Company adopts “Digital Manufacturing Partner for Every Business” tagline to reflect growing and evolving business
EL SEGUNDO, Calif., April 11, 2018 – 3Diligent Corporation, a comprehensive digital manufacturing services provider, today announced it has completed the build out of a range of machining and casting manufacturing services. The company, which has been known for developing the most comprehensive range of 3D Printing services in the industry, is now a leader in the full range of digital manufacturing capabilities.
The move was made to address the needs of companies who sought to use 3Diligent’s fabrication network, procurement expertise, and online portal beyond the scope of its 3D Printing offering. Especially in situations where 3D Printing, CNC Machining, or Casting are all viable options, 3Diligent’s offering of each service provides customers a single convenient interface to seamlessly access these competing technologies. Further, 3Diligent’s expansion into these offerings allows it to more readily support customers seeking larger volumes and materials that aren’t currently served by 3D Printing.
Complete Casting and Machining Services
In the past year, 3Diligent has placed an increased emphasis on building out its machining and casting network in addition to its 3D Printing service.
Machining is the process of creating a part by removing material from a block of raw stock. 3Diligent now offers a complete range of machining services including milling, turning, electro discharge machining, water jetting and laser cutting.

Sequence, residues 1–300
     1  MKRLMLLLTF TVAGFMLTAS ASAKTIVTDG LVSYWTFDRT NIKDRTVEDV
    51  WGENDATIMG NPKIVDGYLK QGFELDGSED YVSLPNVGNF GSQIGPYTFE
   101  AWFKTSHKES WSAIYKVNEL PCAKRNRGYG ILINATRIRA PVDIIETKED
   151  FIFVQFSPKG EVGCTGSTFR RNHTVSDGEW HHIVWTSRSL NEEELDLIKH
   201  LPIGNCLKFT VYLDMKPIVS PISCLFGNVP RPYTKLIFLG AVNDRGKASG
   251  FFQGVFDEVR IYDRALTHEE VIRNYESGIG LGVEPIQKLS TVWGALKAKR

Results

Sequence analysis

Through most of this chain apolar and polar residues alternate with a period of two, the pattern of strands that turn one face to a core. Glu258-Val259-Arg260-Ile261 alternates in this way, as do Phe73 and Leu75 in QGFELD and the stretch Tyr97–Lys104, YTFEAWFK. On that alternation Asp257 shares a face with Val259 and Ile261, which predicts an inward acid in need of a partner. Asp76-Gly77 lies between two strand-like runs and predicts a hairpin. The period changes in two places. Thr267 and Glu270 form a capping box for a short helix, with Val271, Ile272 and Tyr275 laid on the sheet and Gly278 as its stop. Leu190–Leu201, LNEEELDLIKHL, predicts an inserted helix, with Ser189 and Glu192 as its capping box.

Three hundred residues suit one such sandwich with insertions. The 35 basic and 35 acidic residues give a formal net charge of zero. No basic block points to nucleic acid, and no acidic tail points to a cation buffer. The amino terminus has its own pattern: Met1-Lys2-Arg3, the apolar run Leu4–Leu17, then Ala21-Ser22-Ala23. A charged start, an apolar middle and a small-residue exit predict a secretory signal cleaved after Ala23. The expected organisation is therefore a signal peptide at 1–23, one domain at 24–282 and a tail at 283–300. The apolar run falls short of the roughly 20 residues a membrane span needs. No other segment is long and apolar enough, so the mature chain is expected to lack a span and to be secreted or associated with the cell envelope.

Casting is the process of creating a part by pouring material into a defined negative space to create a part. Casting services include urethane casting, silicone casting and metal casting.
“We strive to be a complete digital manufacturing solution for our customers from prototyping through production. These new services complement our existing ones and allow us to provide even more convenient one-stop shopping value to our customers,” said Cullen Hilkene, CEO and co-founder of 3Diligent.
In conjunction with the introduction of these offerings, the company has updated its tagline to “The Digital Manufacturing Partner for Every Business.” Previously referenced as “The 3D Printing Partner for Every Business,” the company changed the tagline to better reflect the broad nature of the work it does for customers.
Resonating with Customers
“We worked with 3Diligent on a urethane casting project. The breadth of materials and services they offered, including flame retardant and color options, made them a great partner on this program,” said Terry Trumbull, VP of Electro-Mech Components, Inc., a provider of components to the aerospace industry. “We were very satisfied with the experience.”